We sat around for a while and had some great conversation, about the democratic national convention and our political views. It is Boulder after all, so talking about politics was safe for us. Marga and Ben split the bill because they’re awesome. Ben had to leave to coach his girl’s soccer team and, as we left, Marga being the ridiculously nice and thoughtful person she is, gave Alana a present wrapped in a bag and some pet spot smell remover for our kitten accidents.

So, we got back home, Alana opened the beautiful wine glasses from Marga (thank you!) and we decided to go to the Boulder Farmer’s Market. We didn’t need much so we just got some Persian garlic. We walked there and back since it’s close and it was a beautiful day… it’s finally been getting cooler and I hope it wasn’t just a phase. Afterwards, we took a nap with the kitties and really did little to no work or chores.

5:30 rolls around and we have plans to visit my friend in Englewood (near Denver). The Buffs game ended hours ago and the Broncos didn’t have a game so we thought traffic wouldn’t be that bad. Well, it wasn’t LA or New York, but it took 80 minutes to go 33 miles on all highways. We stopped at Whole Foods to pick up some hard cider and a salad for our get together. We were going to make a salad at home, but our greens weren’t fresh and we weren’t about to serve them to friends.

So we roll into Englewood, interesting little area, and Garrett lets us into the parking garage. Now, Garrett was my co-worker at Hollister during high school. We played against each other in soccer and basketball in high school. I went to a small public school and he went to a smaller private school. We were both really bad schools for sports in general so nobody really won or lost. I haven’t seen him since high school because he went to CU Boulder and never returned because he loved it so much. Their apartment is beautiful and twice the size of ours, but they only have an original x-box and no matter how many emulators you have for retro-gaming, after selling 90% of my systems, our gaming is better.

But I digress. I was feeling very sick by the end of the day, but we still had a great time, meeting new people like Garrett’s better half “Lee.” She has a fun story having two parents in the military/government, I can’t say more because then my life might be in danger. Oh well, we just ate and hung out and caught up and can’t wait to see them again. Thanks everyone for an amazing birthday. Oh, and I got Alana a Star Wars the Old Republic graphic novel, Super Smash Brawl, and a huge zodiac tapestry for the bedroom wall. And that’s about it! OH and thank you Grandpa and Grandma Powell for the super generous card!!! 🙂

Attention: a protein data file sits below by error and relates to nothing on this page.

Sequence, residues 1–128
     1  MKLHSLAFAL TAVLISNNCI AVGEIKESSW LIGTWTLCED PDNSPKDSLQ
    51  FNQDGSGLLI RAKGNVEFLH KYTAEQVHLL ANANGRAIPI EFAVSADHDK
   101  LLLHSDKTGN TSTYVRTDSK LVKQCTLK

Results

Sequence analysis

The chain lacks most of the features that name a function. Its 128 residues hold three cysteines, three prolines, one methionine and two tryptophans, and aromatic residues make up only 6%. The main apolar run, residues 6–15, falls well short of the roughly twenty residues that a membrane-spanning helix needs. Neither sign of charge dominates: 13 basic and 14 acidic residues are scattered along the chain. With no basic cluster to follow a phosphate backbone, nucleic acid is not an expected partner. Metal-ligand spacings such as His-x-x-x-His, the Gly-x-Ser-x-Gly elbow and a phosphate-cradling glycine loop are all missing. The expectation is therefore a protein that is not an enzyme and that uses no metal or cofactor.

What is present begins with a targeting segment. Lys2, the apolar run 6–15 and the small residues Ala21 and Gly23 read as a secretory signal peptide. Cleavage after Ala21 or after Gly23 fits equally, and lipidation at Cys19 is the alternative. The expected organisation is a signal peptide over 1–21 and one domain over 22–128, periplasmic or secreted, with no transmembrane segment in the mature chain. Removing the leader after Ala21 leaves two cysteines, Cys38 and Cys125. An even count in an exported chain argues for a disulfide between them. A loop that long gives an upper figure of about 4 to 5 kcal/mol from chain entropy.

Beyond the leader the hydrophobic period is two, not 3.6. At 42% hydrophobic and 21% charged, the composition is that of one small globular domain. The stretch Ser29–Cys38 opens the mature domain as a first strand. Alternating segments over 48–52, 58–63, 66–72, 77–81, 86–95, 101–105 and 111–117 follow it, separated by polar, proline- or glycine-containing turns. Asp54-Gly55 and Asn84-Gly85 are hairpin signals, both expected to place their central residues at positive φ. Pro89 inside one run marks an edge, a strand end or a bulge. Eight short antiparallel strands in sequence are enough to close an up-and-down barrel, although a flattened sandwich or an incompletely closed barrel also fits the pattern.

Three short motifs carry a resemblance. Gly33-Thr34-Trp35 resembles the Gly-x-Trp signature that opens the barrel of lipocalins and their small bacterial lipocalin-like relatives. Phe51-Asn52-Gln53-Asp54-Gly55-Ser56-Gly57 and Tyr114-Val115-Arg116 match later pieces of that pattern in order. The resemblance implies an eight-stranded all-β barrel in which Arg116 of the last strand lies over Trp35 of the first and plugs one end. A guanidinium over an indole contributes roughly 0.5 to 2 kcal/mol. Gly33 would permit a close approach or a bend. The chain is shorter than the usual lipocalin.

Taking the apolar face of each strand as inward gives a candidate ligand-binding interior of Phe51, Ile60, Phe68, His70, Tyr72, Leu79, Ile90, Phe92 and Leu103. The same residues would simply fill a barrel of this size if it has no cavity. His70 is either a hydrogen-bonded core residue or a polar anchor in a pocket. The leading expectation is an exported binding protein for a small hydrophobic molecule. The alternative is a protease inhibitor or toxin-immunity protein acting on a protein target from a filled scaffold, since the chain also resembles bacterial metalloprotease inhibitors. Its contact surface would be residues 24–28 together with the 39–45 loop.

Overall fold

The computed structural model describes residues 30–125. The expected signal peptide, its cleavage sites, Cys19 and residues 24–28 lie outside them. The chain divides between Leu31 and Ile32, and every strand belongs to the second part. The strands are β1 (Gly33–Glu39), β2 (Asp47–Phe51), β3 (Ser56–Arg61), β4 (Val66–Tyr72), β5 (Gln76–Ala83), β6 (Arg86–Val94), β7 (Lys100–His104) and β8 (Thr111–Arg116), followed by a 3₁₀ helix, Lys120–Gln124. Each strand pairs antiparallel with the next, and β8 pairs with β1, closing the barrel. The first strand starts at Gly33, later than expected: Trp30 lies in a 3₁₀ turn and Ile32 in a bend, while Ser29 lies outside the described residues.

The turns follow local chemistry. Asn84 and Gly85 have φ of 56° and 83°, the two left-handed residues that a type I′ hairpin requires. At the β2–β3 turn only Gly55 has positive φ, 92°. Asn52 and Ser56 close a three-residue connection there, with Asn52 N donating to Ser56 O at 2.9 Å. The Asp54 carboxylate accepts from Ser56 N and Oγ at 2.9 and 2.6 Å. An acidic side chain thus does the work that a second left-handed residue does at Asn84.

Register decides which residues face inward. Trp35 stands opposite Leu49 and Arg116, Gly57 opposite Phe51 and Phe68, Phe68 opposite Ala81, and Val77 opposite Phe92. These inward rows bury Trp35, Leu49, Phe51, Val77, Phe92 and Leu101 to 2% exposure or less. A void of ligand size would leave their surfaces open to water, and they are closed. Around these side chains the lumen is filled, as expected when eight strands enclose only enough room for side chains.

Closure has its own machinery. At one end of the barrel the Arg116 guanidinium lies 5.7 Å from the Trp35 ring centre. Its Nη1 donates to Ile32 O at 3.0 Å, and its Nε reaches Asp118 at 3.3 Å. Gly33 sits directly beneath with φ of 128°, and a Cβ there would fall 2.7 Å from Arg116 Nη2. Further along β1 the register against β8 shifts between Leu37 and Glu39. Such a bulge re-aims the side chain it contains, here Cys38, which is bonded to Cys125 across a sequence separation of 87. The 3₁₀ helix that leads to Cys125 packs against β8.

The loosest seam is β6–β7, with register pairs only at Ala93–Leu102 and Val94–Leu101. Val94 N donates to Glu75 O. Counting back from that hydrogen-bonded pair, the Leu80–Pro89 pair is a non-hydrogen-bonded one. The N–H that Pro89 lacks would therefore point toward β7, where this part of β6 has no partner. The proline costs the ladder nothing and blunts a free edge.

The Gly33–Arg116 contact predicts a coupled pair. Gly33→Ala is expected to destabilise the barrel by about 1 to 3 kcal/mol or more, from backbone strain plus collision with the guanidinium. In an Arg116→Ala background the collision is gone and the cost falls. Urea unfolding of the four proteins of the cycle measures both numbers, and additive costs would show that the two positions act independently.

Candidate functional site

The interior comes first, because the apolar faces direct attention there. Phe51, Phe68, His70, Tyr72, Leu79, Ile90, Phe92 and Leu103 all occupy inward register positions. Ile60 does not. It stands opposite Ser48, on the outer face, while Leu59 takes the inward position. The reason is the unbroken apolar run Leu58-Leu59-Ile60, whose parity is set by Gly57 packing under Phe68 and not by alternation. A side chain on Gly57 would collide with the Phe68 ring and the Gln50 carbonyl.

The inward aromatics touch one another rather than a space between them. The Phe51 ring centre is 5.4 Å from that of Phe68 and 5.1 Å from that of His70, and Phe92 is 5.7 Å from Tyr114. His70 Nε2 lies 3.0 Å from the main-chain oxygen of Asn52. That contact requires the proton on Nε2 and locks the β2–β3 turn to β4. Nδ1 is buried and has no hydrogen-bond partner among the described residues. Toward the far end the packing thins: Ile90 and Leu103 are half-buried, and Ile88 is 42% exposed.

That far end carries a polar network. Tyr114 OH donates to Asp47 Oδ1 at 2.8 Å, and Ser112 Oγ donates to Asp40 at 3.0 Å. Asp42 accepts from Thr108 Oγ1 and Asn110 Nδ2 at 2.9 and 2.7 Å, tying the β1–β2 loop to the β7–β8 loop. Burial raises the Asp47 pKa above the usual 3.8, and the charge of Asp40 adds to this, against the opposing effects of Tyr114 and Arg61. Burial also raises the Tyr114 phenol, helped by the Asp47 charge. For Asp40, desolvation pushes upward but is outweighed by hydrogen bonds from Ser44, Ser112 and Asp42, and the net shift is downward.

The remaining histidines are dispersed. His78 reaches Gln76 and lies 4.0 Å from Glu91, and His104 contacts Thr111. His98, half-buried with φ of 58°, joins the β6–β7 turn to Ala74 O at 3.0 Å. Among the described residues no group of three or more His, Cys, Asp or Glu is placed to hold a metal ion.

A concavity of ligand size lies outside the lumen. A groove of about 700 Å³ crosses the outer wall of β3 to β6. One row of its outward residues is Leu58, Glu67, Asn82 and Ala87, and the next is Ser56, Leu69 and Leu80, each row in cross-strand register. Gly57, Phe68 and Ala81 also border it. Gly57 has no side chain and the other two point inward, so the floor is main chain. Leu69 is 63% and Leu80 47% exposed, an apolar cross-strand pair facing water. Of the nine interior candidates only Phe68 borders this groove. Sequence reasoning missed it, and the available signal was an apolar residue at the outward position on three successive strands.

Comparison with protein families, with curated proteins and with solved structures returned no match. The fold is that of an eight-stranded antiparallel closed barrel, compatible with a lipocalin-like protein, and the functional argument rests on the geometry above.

Gourmet in Boulder: Pizza Bagels

So, I’m not actually talking about those delicious little treats that can be found in the frozen food aisle. We know as long as you toast them in the oven and steer clear of the microwave (best-worst invention ever) that they’ll be reliably delicious, in a very cheap sense. I’m talking about pizza and bagels, specifically in Boulder. This will be similar to the sushi post; another rant because I’m not comfortable/in-shape so no fitness posts quite yet.

Now I won’t say that New Jersey or even New York has the best sushi, although Masa is supposed to be top notch, but it does truly have,  overall, the best bagels and pizza in the United States, and from what I’ve tasted, in the world. I’m not talking about gourmet style artisan pizza, for the record, I’m talking about a good old fashioned throw it in the oven family style pizza pie. Some people say it’s the water where we’re from, some people say it’s the dense population of Italian-Americans, and some people say its the climate. I don’t know what the secret is, but there most certainly is a difference. And that has become very apparent in Boulder.

New Jersey is the most densely populated state...

New Jersey

When Alana first came to New York, she thought she had good pizza in the city, but I brought her to New Jersey and had her experience real pizza. She’s stubborn and proud (in a good way) but she easily admitted how good it was. Then we moved onto bagels, where North Jersey took it home again. No competition. So growing up with pizza and bagels all the time, I wanted to keep eating them in Boulder. Alana didn’t object because the ones she had in Jersey made her crave them all the time. Then we got to Boulder and tried…

Cosmos, Blackjack, and Abo’s… and for bagels we went to Moe’s (all of these were recommended by individuals who have lived in Boulder… for their whole lives)… this is how it breaks down. And for the record, Colorado Daily, you had an article last week that talked about Abo’s being New York Style Pizza… you clearly don’t know what it is and you should do some more research before you put it into circulation. Here, I can make a mistake, because no one reads this.

We’ll go from worst to best.